For Emily Elyse Miller, founder and CEO of OffLimits, launching during a global pandemic was “interesting to navigate,” but in the end, worked out.
“Unfortunately, ‘fun cereal’ is associated with being unhealthy, and I wanted people to have fun with their food again, but in a healthy way,” Miller told TechCrunch. “There are a few startups in the space tackling the healthy side of cereal, but I wanted to take on the culture of breakfast.”
She split her time between fashion and food, attending the Fashion Institute of Technology before getting into the trends and forecasting space. It was there that she started writing about food and design, traveling all over the world. She said she “became obsessed with morning rituals” and worked with chefs to open their doors for breakfast. She even wrote a book on breakfast.
Miller launched OffLimits in 2020 out of Science Inc.’s startup studio. OffLimits uses whole ingredients, and its flavors are organic, vegan, gluten-free and lightly-sweetened with organic cane sugar. Since its launch, OffLimits’ two cereals Dash (turns your milk into cold brew coffee) and Zombie (Pandan-flavored, similar to vanilla) were picked up in stores like Intelligentsia and are available online. The cereals retail for $8.50 per box.
She is now announcing a $2.3 million round of funding that encompasses friends and family, pre-seed and seed financing. The backing comes from Science Inc., Crosslink, Canaan, DBC Creative CEO Dana Cowin, Surface Magazine CEO Marc Lotenberg, TikTok executive Nick Tran and NTWRK president Moksha Fitzgibbons.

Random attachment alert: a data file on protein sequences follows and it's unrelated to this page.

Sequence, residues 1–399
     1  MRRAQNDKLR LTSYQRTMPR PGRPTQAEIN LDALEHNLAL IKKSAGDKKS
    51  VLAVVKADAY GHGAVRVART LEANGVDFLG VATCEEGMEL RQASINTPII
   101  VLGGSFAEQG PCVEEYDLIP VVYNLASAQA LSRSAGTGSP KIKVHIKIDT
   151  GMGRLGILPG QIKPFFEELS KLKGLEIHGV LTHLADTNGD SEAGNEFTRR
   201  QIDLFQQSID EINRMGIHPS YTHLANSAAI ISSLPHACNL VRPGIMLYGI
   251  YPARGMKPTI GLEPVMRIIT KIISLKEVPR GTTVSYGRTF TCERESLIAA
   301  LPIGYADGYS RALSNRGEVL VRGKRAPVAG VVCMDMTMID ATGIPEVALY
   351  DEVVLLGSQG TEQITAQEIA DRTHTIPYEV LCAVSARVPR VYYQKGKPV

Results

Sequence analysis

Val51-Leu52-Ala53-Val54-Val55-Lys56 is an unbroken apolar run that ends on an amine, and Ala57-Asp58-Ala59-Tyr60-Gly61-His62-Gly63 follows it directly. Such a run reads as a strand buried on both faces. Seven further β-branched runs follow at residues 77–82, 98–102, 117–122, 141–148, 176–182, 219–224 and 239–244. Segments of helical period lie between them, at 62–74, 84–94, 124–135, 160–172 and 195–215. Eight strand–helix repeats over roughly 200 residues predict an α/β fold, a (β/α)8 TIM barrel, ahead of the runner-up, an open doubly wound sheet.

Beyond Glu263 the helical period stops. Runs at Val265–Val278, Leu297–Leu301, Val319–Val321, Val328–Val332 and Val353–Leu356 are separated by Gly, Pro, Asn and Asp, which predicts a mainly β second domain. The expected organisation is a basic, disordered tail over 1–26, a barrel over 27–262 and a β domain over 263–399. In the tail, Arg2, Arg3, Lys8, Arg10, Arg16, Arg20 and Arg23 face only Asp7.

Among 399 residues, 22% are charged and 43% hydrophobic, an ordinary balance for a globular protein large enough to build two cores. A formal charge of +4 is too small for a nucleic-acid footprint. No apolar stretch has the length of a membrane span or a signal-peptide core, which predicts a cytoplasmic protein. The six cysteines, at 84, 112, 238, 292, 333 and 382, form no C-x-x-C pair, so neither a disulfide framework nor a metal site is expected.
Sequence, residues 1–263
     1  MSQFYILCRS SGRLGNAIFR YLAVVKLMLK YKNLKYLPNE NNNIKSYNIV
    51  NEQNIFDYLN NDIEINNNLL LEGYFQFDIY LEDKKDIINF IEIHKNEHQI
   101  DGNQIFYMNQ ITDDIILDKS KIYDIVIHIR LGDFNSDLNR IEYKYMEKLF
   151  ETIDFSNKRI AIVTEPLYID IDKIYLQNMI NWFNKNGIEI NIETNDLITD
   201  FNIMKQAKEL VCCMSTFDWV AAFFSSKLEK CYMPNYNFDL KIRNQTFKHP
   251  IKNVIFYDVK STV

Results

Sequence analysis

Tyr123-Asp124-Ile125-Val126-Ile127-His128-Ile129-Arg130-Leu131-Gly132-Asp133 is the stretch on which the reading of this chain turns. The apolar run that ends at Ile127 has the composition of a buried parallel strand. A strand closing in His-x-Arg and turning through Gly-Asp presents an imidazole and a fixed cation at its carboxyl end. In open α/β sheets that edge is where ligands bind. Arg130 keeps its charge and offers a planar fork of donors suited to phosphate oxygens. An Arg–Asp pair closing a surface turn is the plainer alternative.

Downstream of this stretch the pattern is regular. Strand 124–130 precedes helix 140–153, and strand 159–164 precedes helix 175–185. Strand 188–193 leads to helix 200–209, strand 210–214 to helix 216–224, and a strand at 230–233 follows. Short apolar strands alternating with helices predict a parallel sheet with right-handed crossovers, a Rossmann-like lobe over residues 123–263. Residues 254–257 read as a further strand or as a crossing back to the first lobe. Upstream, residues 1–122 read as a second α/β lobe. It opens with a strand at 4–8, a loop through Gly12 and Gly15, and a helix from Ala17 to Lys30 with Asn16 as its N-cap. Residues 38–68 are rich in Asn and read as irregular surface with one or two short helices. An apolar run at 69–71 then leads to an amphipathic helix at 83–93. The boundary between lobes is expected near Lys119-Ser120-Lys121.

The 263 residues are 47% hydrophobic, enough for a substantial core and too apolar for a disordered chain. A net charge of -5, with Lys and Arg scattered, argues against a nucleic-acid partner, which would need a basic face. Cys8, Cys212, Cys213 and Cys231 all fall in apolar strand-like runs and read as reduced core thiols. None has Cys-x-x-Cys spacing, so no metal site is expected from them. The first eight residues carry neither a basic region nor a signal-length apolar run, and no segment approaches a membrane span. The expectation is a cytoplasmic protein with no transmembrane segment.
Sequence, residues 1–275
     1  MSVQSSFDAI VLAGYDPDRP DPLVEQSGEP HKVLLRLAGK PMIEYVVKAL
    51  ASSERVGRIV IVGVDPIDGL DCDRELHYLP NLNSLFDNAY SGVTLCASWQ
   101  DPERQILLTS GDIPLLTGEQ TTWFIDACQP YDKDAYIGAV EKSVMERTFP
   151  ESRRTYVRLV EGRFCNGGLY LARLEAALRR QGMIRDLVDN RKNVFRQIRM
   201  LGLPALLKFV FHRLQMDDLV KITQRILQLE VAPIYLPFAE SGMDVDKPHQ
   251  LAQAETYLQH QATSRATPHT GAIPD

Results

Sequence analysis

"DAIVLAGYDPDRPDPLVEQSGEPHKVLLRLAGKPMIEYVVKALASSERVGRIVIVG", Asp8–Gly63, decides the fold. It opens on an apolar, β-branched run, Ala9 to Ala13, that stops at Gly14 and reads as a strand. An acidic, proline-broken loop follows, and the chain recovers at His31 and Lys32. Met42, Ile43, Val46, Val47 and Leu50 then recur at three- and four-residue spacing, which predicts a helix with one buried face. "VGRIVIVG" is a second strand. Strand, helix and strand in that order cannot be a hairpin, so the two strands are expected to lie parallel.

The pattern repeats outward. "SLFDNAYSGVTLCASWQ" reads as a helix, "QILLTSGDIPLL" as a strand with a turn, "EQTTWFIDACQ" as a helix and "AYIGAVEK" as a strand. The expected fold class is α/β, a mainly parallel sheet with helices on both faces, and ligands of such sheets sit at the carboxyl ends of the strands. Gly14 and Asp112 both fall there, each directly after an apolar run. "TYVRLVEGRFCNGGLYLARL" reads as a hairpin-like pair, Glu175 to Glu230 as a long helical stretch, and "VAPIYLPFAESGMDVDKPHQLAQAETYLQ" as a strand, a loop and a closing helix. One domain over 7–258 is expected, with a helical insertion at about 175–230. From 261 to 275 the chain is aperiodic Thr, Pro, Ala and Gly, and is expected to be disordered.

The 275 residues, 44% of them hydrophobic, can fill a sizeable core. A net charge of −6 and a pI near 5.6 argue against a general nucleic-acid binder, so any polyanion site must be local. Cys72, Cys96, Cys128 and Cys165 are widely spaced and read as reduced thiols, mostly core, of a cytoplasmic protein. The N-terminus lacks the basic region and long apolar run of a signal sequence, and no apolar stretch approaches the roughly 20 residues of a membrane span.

Miller said the breakfast market was valued at $16 billion in the U.S. and $30 billion globally. Building a cereal brand is capital-intensive and difficult to produce, so the new funding will go toward scaling into retail, hiring new talent and building up inventory.
Over the past few years, new brands like OffLimits have popped up, offering legacy brands a chance to pivot to new audiences, but largely they have not, she added.
“There is definitely room to grow and with the Gen Z mindset of questioning legacy brands, we want to support what is new,” Miller said. “We are one of the few that are all plant-based, which was both a disturbing and surprising fact to find out. It was really important that OffLimits had an extremely clean panel. We want something all chefs can be excited about.”
In addition to the funding, the company released new flavors, including Spark (strawberry flavor with antioxidants) and Flex, which has a cinnamon flavor and is targeted toward a health and workout-oriented audience. To commemorate the company’s first year in business, it is offering a “birthday pack” so that customers can try all four flavors. Miller heard from customers that they like mixing cereal flavors, so the pack will encourage personalization. There is also an edible glitter product launching in September that Miller said “turns the cereal bowl into a disco party.”
Products sold out twice already and the company is now on its third production, with plans to offer mini boxes, where the milk can be poured directly in, and optimizing the supply chain for future growth.
Aside from the flavors, Miller wanted a focus on the boxes themselves and the mascots for each one. The cereal mascots all have profiles on the website and include a female pink bunny for Dash and a zombie that eats cereal all day.
“We don’t want to impart anything on the characters, and want to keep them open to be molded into different things,” Miller added. “We want to appeal to counter-cultures in whatever sense that is.”